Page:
Spreadable cheese is exactly what it says. It’s made by melting one or more cooked, pressed cheeses – not too mature – and blending with milk, cream or butter. Spices and other flavourings can also be added. The result is a soft, creamy, spreadable cheese with aromas of fresh cream and hazelnuts and a relatively mild flavour. Spreadable cheeses are pasteurised, and available in a variety of formats including triangles, rectangles, cubes and tubs. Everyone has come across them at some time! They’re perfect for sandwiches, verrines, rolls, cheese pastries, wraps and samosas. They keep well and are easily transportable, making them especially good for travel. They’ve made it all the way to Africa, where they are particularly popular – as Chef Anto reminds us in her recipe.
Petits carrés d'enfance
A little slice of childhoodrecipe from chef Anto
- For the peanut and caramel sauce
- 50 g of sugar
- 1 tbsp peanut butter
- 100 ml double cream
- 20 g butter
- For the ice-cream
- 120 g spreadable cheese
- 120 ml evaporated milk
- 30 ml double cream
- 1 cuillère à soupe de poudre de baobab
- 1 tbsp baobab powder
- 30 g icing sugar
- 1 Madagascan vanilla pod
- For the Pain Perdu
- For the Mbouraké
- 100 g Panko breadcrumbs
- 40 g peanut butter
- 10 g brown sugar
- 20 ml evaporated milk
- For the Pain Perdu
- 2 slices stale bread (2cm thick)
- 1 egg
- 60 ml evaporated milk
- 20 g butter
- 1 tbsp sunflower oil
- 10 g toasted peanuts
Make the caramel sauce
- Dissolve the sugar in a frying pan to make a dark caramel.
- Heat the peanut butter and cream in the microwave for 30 seconds, add the caramel and reduce.
- Remove from the heat and add chilled butter to halt further cooking.
Make the ice cream
- Split the vanilla pod into two lengthwise.
- Scrape out the seeds with a knife.
- In a bowl, whisk the cheese with the sugar and vanilla seeds until soft.
- Continue to whisk, adding the evaporated milk, cream and baobab powder.
- Churn in an ice cream maker.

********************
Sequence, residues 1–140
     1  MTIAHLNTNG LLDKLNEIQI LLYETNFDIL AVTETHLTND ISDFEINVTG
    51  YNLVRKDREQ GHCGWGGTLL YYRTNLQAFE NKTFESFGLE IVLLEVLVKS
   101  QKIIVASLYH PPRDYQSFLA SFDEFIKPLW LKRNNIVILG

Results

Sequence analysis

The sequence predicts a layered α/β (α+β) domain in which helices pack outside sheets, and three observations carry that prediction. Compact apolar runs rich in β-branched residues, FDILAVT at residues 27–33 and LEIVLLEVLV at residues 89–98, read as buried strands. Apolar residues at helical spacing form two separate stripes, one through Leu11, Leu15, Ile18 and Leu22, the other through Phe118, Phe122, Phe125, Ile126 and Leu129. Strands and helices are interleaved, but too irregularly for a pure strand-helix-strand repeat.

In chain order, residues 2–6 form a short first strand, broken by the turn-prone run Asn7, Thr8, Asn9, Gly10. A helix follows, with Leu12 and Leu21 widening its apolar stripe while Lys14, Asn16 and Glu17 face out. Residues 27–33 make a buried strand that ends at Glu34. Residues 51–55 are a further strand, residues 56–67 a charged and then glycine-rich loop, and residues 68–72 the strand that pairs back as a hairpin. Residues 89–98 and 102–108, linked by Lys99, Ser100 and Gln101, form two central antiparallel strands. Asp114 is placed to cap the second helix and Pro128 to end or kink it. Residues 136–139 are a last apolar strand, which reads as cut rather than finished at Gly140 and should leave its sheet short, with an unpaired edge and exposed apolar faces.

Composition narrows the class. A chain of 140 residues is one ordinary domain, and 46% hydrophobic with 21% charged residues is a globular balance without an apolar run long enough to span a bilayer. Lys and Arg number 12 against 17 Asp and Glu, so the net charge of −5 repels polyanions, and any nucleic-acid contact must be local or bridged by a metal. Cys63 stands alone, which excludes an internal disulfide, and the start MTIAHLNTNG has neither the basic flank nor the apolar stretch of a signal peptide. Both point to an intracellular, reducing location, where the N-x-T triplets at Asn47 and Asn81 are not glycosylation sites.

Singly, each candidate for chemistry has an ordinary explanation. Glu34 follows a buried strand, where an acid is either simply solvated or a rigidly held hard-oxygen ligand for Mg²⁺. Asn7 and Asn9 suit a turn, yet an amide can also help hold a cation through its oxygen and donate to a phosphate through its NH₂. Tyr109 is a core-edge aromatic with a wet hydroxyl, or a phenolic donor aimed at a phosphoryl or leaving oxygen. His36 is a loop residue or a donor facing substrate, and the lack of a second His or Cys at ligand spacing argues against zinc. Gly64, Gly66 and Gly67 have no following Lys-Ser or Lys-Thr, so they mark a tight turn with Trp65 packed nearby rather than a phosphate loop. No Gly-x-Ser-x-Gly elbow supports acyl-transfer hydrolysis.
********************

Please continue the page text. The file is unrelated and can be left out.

- When solid, spoon into a freezerproof container.
- Add half the caramel and peanut sauce and stir in gently.
- Freeze for 2 hours.
Make the Pain Perdu
- In a food processor, whizz the Mbouraké ingredients – Panko breadcrumbs, brown sugar, peanut butter and evaporated milk – until smooth.
- Beat the egg and evaporated milk together in a shallow bowl and dunk the slices of bread in the egg-and-milk mixture one by one, making sure both sides are soaked.
- Coat the bread on both sides with the Mbouraké.
- Heat the oil in a frying pan and add the butter; fry the slices until golden on both sides.
- Keep warm.
- Arrange the slices of Pain Perdu on 2 plates.
- Just before serving, top each slice with a quenelle of cheese and baobab ice-cream.
- Sprinkle with crushed toasted peanuts and drizzle with the rest of the peanut and caramel sauce.
Officially, her name is Antompindi Cocagne; but to everyone who knows her, this thirty-year-old mother of a 4-year old son is simply Chef Anto. Anto was born in France and brought up in Gabon, the eldest daughter of an engineer and a nutritionist. After passing her Baccalaureate (in Economics and Social Services), she persuaded her parents to let her return to France to study cookery. She graduated from the Ferrandi school in Paris and found work as a private chef, cooking for individuals, organisations and businesses; she also hosts cookery programmes for Canal+ Afrique.